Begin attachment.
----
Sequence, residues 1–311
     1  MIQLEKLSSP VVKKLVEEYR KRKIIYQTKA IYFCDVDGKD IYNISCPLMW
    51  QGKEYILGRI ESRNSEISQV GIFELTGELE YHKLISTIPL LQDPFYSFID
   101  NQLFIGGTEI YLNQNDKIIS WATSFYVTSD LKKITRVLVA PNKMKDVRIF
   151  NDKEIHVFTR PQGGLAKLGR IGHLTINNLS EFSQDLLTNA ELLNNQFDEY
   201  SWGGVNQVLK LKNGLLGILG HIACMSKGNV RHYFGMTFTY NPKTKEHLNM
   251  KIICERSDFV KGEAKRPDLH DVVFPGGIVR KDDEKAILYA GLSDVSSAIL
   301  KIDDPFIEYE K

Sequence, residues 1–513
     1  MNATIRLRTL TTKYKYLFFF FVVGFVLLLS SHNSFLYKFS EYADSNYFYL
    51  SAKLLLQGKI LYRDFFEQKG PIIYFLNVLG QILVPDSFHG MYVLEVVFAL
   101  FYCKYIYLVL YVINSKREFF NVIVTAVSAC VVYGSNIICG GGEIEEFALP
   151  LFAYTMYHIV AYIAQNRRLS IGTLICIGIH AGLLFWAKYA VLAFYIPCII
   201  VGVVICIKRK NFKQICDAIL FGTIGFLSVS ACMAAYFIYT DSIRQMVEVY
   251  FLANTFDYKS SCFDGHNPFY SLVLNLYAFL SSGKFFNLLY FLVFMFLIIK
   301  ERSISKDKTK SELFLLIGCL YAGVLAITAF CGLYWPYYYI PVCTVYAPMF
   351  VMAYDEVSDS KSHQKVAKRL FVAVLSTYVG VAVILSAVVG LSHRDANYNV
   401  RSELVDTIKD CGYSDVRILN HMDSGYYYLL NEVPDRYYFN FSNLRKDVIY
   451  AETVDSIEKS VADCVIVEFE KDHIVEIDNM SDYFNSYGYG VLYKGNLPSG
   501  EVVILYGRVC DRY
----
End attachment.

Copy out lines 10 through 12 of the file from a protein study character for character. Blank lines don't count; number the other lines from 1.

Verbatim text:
     1  MNATIRLRTL TTKYKYLFFF FVVGFVLLLS SHNSFLYKFS EYADSNYFYL
    51  SAKLLLQGKI LYRDFFEQKG PIIYFLNVLG QILVPDSFHG MYVLEVVFAL
   101  FYCKYIYLVL YVINSKREFF NVIVTAVSAC VVYGSNIICG GGEIEEFALP